Northside ISD Superintendent Brian Woods, San Antonio ISD Superintendent Pedro Martinez and Texas Gov. Greg Abbott

San Antonio Superintendents Had a Plan to Safely Open Schools to Kids Who Needed Them Most. The Governor Had Other Ideas

Reopening: School superintendents in San Antonio had a data-driven, controlled plan for bringing the highest-needs students back to school in the fall, slowly ramping up to capacity with advice from local health authorities. Now, with coronavirus raging in the state and Gov. Greg Abbott demanding that full-time, in-person instruction be available on demand, two of the city’s district leaders say they feel as if they are playing a no-win game of chess. So far, the most the state has been willing to yield is eight weeks of online-only instruction. Unless something changes, districts have until October to plan their next move. Bekah McNeel has the story.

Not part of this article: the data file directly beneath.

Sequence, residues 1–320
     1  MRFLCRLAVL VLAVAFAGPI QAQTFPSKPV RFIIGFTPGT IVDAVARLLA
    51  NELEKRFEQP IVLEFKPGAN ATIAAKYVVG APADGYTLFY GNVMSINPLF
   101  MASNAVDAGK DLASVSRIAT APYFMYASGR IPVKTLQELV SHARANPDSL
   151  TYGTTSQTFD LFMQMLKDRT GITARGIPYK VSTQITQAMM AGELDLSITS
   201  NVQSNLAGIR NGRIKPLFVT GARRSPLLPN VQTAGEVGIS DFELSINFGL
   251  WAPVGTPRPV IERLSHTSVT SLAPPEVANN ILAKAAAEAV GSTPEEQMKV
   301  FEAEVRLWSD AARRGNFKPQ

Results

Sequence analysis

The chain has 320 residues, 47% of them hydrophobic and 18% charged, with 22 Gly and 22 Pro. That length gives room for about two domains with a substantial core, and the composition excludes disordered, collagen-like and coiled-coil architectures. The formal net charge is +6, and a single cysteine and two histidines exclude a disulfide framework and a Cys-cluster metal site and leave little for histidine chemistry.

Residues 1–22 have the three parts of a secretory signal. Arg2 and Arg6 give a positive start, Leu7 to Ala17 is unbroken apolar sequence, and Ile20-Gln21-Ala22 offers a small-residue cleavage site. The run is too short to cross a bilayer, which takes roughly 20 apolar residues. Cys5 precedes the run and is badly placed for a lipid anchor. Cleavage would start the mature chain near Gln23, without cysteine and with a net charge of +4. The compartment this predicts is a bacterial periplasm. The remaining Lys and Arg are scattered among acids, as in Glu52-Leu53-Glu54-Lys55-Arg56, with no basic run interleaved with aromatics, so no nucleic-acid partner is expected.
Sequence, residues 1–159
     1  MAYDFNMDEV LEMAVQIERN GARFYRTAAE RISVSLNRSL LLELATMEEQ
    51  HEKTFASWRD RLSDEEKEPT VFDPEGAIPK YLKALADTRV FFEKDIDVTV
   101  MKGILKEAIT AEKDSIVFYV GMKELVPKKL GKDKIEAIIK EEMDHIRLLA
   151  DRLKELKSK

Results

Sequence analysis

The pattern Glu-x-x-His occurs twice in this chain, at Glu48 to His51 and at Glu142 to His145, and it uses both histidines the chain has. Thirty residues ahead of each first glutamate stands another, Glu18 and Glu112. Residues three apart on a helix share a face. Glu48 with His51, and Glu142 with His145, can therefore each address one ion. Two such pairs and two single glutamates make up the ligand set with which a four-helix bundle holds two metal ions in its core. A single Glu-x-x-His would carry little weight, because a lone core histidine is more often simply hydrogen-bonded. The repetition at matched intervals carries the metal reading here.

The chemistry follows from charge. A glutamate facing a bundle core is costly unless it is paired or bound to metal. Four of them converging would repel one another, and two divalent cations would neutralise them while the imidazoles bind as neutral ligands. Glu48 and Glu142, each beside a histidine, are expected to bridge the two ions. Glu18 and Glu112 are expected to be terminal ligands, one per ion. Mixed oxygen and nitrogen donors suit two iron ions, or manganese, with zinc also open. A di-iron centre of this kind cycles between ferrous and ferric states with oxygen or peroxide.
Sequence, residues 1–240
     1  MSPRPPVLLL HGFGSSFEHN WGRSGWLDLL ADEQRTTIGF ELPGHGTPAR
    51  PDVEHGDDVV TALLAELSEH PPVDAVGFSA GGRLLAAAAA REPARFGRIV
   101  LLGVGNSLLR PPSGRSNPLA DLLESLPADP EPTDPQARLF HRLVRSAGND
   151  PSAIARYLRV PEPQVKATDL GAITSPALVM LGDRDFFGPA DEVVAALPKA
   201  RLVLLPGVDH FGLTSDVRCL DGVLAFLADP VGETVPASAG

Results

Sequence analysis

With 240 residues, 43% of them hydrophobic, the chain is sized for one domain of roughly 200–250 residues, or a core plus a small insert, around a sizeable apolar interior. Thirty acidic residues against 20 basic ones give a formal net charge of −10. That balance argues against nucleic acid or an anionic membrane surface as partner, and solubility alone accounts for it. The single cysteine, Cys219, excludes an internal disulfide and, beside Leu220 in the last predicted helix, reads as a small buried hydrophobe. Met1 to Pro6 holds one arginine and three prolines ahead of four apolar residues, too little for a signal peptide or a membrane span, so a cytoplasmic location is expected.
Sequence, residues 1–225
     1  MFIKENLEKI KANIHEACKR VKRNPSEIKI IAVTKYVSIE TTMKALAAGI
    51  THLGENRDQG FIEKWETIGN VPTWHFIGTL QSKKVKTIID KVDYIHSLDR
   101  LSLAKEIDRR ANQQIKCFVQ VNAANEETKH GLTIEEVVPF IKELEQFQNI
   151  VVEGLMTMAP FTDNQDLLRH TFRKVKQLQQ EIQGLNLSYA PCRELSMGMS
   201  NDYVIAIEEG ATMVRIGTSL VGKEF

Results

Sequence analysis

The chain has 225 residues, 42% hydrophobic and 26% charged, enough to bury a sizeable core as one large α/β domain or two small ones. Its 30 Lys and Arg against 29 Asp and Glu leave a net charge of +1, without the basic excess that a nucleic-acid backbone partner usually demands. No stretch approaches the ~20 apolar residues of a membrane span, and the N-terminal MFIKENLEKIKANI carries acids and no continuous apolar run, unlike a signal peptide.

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School Reopening Plans Fuel Fears of Teacher ‘Brain Drain’ — and Trump’s Threats Aren’t Helping

Teacher Safety: When the Texas American Federation of Teachers put a call out last week for an informational webinar on family and medical leave, disability claims and retirement, 4,000 people signed up. “We don’t want people to retire,” a union official said. But as schools prepare to reopen — often under political pressure — teachers and other school workers, who are particularly vulnerable to COVID-19 because of their age and close conditions in schools, may not be willing to go along. With infections raging statewide, he said, the school staffing picture is “a nightmare.” Across the country, surveys of union members show that most don’t want to go back to school until they feel it’s safe. As a result, even if schools nationwide open on time and offer in-person instruction, a large proportion of teachers and principals simply may not return. As one 53-year-old Texas teacher told The 74, “I love teaching. … But I’m scared to death right now.” Contributor Greg Toppo has the story.